A while back, Chris Metzen asked people on Twitter the above question. It was a fun little brain exercise - there were quite a few responses of Bolvar, Kael'thas, Illidan (the usuals) as well as the occasional favorite like Zul'jin, Broxigar, Lothar, etc. All good choices!
Personally, my initial responses were people whose returns would make for interesting stories. For instance, how would Garrosh (and Thrall, for that matter) react if Grom were brought back? What would Tirion do if Taelan were returned to life? These reappearances would have great emotional impact and would really stir things up a little.
However, I started to ponder these possible resurrections a bit more. How exactly WOULD they come back? Would it just be a mysterious act of god? Would it be magic, either the natural powers of life via Alexstrasza, or the darker, more sinister forces of necromancy and/or the Scourge? Or Sylvanas and the Val'kyr, of course - can't leave them out.
Metzen never specified the details of these hypothetical returns - maybe they wouldn't be as pleasant a homecoming as we imagine. Maybe that's the point!
I was tossing these ideas around mentally when I remembered someone whose return would not only be dramatic and significant, but also timely, and mysterious.
That someone is the former Archbishop of the Church of Light, Alonsus Faol.
Faol was an important leadership figure during the Second War, representing the clergy and serving as a calming, unifying presence among the bickering heads of state. But even more important than Faol's diplomatic influence was his role in creating one of the most powerful military forces Azeroth had ever seen, a new branch of the church composed of martial warriors who were also trained in the spiritual power of the Light - the paladins.
As we all know, Faol's champions - Uther, Dathrohan, Tirion and Turalyon - went on to accomplish amazing things, starting with Turalyon's triumph over Orgrim Doomhammer, a victory that ended the Second War. And look at what their order has gone on to do in the years since. Faol was kind and highly respected, but he was also wise. He predicted that the world would need a new type of soldier, one armed with a sword but armored by faith, and he was absolutely correct. Eerily prescient, when you consider the events that have taken place since then.
Alonsus Chapel, Stratholme. (Picture from Wowpedia)
Faol also has strong ties to both the Lordaeron AND Stormwind areas, something that few other humans can truly claim. His roots were in Lordaeron and its surrounding regions, and he has had numerous areas named after him, such as a graveyard in Tirisfal, and the Alonsus Chapel in Stratholme, where he named Uther as the church's first paladin. But after the Second War, Faol traveled south to Stormwind and helped coordinate and raise funds for the reconstruction of the city and the neighboring Northshire Abbey, which had both been destroyed by the orcs. Until Cataclysm, a statue in front of Stormwind's Cathedral of Light bore a plaque celebrating Faol's "noble spirit and generosity." (The plaque now bears a dedication to Uther the Lightbringer.)
The rebuilt Northshire Abbey, which Faol was largely responsible for.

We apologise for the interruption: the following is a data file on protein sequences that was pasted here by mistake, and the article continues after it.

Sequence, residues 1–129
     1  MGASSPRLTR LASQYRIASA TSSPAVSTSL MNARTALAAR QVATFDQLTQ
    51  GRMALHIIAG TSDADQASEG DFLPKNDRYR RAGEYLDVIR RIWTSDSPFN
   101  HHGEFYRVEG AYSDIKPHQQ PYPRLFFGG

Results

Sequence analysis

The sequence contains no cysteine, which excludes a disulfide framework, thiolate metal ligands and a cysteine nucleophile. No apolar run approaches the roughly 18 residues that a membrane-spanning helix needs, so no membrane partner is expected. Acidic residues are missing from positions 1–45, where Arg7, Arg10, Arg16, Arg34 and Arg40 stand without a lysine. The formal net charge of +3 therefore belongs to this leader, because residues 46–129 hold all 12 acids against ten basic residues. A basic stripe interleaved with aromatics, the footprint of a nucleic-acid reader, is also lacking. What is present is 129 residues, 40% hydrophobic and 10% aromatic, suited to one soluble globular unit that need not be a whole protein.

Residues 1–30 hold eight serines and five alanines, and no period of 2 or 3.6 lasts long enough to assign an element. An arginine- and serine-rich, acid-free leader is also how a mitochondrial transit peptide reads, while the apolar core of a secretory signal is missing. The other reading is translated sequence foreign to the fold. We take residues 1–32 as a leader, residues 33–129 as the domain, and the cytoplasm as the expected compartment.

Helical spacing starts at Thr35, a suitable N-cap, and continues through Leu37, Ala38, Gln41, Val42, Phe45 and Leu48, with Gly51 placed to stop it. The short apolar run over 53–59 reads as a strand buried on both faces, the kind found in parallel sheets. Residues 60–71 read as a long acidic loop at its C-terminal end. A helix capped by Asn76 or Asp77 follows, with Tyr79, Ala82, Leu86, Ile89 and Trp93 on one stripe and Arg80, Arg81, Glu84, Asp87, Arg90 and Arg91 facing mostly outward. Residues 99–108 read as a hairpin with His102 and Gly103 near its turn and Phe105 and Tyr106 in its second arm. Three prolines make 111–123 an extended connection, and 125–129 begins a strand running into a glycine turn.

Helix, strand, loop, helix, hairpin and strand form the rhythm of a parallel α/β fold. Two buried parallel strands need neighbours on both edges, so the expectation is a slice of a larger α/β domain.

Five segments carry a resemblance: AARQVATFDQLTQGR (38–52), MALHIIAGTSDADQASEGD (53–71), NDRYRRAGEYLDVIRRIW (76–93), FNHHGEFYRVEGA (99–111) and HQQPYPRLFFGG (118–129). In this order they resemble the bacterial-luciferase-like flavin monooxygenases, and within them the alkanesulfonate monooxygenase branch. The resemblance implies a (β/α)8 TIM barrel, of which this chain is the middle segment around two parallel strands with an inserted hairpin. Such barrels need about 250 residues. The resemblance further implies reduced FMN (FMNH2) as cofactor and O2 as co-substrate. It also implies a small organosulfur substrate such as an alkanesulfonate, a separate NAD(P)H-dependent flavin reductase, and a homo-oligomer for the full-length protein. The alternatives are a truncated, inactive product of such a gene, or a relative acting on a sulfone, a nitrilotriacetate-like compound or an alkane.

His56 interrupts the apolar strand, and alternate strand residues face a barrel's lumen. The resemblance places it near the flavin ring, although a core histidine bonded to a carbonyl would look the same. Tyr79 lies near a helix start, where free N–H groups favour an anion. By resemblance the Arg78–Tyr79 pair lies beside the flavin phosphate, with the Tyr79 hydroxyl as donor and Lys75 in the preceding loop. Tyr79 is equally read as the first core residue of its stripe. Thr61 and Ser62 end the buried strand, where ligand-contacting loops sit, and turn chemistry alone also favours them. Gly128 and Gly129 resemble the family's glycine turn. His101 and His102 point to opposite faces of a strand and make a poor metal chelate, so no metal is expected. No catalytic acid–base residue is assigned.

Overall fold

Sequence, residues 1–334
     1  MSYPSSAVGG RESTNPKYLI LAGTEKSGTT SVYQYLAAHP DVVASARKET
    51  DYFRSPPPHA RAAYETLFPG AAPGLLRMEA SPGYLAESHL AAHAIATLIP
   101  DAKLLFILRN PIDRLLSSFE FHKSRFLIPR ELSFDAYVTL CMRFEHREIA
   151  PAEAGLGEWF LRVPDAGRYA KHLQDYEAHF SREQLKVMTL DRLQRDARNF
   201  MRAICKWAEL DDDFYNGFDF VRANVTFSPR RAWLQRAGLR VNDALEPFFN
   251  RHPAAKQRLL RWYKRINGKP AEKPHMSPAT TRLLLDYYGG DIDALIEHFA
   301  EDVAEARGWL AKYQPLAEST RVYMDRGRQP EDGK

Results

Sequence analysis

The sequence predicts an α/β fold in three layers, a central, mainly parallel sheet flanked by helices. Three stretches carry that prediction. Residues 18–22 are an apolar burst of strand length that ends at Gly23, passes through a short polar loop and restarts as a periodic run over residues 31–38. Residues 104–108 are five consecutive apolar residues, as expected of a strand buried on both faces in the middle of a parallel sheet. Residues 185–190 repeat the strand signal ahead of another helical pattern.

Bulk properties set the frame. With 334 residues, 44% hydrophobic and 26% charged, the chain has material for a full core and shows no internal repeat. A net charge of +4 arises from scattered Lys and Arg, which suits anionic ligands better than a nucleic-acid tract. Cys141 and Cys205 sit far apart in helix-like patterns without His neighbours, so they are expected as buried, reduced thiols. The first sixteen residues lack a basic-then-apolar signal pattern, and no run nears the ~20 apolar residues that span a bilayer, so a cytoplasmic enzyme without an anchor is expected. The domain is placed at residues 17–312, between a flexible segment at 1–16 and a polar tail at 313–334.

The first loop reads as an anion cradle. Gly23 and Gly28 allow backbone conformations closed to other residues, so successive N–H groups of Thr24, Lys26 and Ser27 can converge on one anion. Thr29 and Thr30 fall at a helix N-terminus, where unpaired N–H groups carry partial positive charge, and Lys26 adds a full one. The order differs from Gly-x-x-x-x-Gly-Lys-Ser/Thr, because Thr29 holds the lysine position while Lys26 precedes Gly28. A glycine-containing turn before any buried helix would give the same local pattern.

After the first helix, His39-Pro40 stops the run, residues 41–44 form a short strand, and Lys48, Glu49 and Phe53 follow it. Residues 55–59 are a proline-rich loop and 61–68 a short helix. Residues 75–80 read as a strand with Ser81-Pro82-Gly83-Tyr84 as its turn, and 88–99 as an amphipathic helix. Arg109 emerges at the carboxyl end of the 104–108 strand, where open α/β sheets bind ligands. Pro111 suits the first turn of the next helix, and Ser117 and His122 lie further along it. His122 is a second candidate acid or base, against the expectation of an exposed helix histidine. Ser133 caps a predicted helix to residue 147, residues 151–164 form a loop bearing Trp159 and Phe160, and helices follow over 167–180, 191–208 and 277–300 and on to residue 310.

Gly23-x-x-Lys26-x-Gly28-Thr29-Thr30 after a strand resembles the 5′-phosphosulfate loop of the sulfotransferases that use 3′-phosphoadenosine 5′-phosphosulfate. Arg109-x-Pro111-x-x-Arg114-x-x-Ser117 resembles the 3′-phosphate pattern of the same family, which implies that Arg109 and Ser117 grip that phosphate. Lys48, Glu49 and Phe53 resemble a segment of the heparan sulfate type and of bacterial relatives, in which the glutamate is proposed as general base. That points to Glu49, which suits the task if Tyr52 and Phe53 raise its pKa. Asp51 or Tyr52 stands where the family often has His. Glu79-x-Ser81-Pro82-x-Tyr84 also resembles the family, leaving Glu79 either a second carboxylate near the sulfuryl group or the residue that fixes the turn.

Little else is known about Faol's life, other than the fact that he died quietly sometime after the war's end, prior to the outbreak of the Scourge. His body is presumably buried in Faol's Rest, a small graveyard in Tirisfal Glades, near the Scarlet Monastery. Of course, we also know of the man named as his successor, Archbishop Benedictus.
So what would happen if Faol were to suddenly turn up again, mysteriously and inexplicably alive again?
It would make for some AMAZING stories, that's what!
From the human side of things, the timing could not be better. Stormwind and the Church of the Light are reeling from Benedictus' shocking betrayal, and in severe need of strong guidance and leadership. They desperately need someone who can step up and alleviate their fears, someone they can believe in. And suddenly one of, if not THE most highly respected and revered members of their faith shows up in their hour of need? Someone who is, essentially, a saint? It would solve all of the Church's problems in one miraculous swoop.
And it wouldn't just be the church who would benefit from Faol's return. Remember, this man has connections. It might seem like ancient history, but it's easy to forget that the Second War really wasn't that long ago. Faol knew Varian when Varian was but a young boy grieving over the loss of his kingdom and father, and the genuine sympathy and condolences coming from such a famous man is not something young Varian would likely forget. Faol's "concerned grandfather" role wouldn't be limited to just Varian, though - he also knew Daelin Proudmoore, Thoras Trollbane, and Terenas Menethil. It's quite likely that he met the children of these great leaders during his travels, so it would be very interesting to witness his interactions with Jaina or Tandred Proudmoore, or his reaction upon hearing of the shocking fates of Arthas Menethil or Galen Trollbane.
Faol was also on good terms with Genn Greymane and Khadgar, two war veterans who are still in positions of leadership. There are not many humans (or Gilneans) left who Greymane could honestly look to as an equal in terms of age and experience, so Faol's placid nature could serve as an excellent character foil for the still-sort-of-hotheaded Gilnean leader. And even Khadgar would probably find his presence comforting, as another member of the "old guard" that stood together against the original Horde. (That is, if he ever finds his way back from Shattrath.)